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Hey guys, I have written some jQuery code to use the "slideUp" animation when deleting rows from a table. In order for the animation to appear smooth, I wrapped the contents of each TD in the row with DIV tags, and called the slideUp function on the DIVs, removing the actual TDs upon completion of the animation. The code for that is as follows:

$("tr[id$=" + rowID + "]").children("td").each(function() {
    $(this).children("div").slideUp(function() {
        $(this).parent().remove();
    });        
});

So far, so good. However, I noticed that this code does not remove the actual TR, only its contents, so I added the following line to remove the TR:

$("tr[id$=" + rowID + "]").remove();

The problem is that after I added the line above, the animation quit working. In other words, the row simply disappears without the nice sliding effect. Does anybody know why this is so and how to get around it?

Thanks in advance for your insights! Victor

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Where did you add that line? I added it after the parent().remove() and it worked fine for me. –  seth Aug 20 '09 at 0:40
    
Hey Sett, I added the row removal line right after the previous line I posted. Thanks for the quick feedback! –  Victor Aug 20 '09 at 1:01

2 Answers 2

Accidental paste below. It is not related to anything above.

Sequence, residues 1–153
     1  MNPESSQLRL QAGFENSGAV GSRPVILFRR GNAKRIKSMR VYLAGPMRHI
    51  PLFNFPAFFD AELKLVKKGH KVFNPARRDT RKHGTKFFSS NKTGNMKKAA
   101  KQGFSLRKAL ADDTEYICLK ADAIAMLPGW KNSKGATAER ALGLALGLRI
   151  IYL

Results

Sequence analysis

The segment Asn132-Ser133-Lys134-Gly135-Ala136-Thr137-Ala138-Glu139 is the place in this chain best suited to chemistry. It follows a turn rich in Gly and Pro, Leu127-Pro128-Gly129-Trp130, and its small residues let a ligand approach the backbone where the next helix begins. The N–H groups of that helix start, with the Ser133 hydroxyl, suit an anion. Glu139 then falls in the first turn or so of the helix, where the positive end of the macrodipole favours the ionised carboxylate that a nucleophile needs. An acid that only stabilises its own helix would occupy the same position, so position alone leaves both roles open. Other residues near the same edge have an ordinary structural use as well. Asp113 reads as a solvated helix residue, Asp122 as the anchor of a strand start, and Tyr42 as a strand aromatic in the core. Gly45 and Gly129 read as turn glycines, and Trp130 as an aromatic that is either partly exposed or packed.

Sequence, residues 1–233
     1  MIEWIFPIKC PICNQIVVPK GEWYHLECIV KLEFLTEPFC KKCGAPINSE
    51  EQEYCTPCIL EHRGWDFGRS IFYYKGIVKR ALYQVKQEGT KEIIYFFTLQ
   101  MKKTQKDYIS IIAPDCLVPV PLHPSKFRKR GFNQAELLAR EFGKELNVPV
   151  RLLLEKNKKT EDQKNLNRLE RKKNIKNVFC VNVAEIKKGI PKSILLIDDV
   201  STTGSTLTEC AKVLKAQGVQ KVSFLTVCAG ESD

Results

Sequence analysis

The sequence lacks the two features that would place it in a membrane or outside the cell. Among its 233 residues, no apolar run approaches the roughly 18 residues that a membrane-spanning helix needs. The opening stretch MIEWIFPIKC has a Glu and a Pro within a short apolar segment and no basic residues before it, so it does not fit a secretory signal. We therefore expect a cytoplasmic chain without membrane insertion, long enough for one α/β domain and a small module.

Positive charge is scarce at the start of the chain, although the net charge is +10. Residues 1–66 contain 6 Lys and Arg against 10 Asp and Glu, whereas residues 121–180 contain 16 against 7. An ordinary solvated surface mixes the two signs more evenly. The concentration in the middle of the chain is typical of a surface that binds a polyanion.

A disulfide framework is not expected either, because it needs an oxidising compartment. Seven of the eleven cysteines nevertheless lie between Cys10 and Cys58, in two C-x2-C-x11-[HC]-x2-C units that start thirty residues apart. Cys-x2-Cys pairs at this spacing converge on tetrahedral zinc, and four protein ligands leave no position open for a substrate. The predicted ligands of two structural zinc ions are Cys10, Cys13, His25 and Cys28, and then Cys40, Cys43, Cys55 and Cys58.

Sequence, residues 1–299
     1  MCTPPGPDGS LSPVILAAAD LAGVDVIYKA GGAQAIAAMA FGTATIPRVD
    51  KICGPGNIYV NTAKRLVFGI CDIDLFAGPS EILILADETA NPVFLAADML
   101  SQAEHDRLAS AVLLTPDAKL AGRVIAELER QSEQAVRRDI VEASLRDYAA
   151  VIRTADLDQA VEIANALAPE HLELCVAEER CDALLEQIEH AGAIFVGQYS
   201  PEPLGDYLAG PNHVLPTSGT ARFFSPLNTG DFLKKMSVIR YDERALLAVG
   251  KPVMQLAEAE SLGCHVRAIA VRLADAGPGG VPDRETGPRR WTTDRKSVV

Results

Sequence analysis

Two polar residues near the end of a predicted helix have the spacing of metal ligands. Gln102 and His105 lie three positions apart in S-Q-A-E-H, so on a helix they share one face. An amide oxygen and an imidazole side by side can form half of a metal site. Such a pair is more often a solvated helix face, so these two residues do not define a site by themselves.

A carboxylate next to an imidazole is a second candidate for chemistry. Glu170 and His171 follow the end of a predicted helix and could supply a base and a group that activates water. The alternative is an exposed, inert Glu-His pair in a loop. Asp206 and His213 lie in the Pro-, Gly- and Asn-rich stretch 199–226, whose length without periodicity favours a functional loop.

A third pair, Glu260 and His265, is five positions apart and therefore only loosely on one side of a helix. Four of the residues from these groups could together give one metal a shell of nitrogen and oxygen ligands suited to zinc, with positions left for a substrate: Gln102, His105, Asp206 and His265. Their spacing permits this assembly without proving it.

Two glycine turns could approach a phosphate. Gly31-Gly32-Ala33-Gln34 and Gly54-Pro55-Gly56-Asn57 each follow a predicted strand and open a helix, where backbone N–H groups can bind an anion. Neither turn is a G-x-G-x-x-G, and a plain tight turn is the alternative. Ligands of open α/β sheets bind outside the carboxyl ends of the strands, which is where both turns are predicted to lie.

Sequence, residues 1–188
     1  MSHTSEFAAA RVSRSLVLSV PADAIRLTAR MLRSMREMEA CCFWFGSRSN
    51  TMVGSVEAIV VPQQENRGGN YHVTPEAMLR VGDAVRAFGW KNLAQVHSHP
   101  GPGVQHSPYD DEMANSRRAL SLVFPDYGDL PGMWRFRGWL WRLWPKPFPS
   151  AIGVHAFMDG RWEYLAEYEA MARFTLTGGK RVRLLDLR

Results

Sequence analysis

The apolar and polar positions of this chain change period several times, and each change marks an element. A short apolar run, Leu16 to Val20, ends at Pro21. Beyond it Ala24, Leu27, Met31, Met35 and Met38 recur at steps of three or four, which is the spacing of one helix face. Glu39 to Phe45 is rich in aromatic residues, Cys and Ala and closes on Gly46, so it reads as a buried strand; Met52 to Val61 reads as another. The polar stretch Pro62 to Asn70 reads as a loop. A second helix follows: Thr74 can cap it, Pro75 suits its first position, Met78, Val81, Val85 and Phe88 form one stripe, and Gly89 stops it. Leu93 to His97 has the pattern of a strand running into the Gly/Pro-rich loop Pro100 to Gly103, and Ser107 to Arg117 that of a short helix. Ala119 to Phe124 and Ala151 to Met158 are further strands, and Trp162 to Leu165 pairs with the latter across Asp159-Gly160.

up vote 1 down vote accepted

Because you're removing the tr that contains all of the animated elements. No more elements, no more animation. Given that all of the slideUps should be taking the same amount of time, you can probably get away with changing the finish callback from $(this).parent().remove() to $(this).closest('tr').remove().

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I'm always amazed at the speed of response on this site. Thanks for the quick reply, hobbs. I understand what you mean about the consequences of removing the tr containing the animated elements, but I thought these operations happened in sequence...I guess that is not so. The asynchronous nature of javascript gets me every time! Your trick worked out quite well, by the way. Thanks! –  Victor Aug 20 '09 at 0:55
    
Well, it's really the animation calls (e.g. slideUp) that are asynchronous, because they do their work in timer events... but anyway yeah, they don't wait for completion, so your remove was firing before the animation even got a chance to properly start. –  hobbs Aug 20 '09 at 1:22

I wrote a jQuery plugin that lets you do this. You can add and remove rows and it doesn't require wrapping your data with a div or anything like that. Check it out at http://www.fletchzone.com/post/jQuery-Unobtrusively-Animated-Add-and-Remove-Table-Rows.aspx

Best,

Fletch

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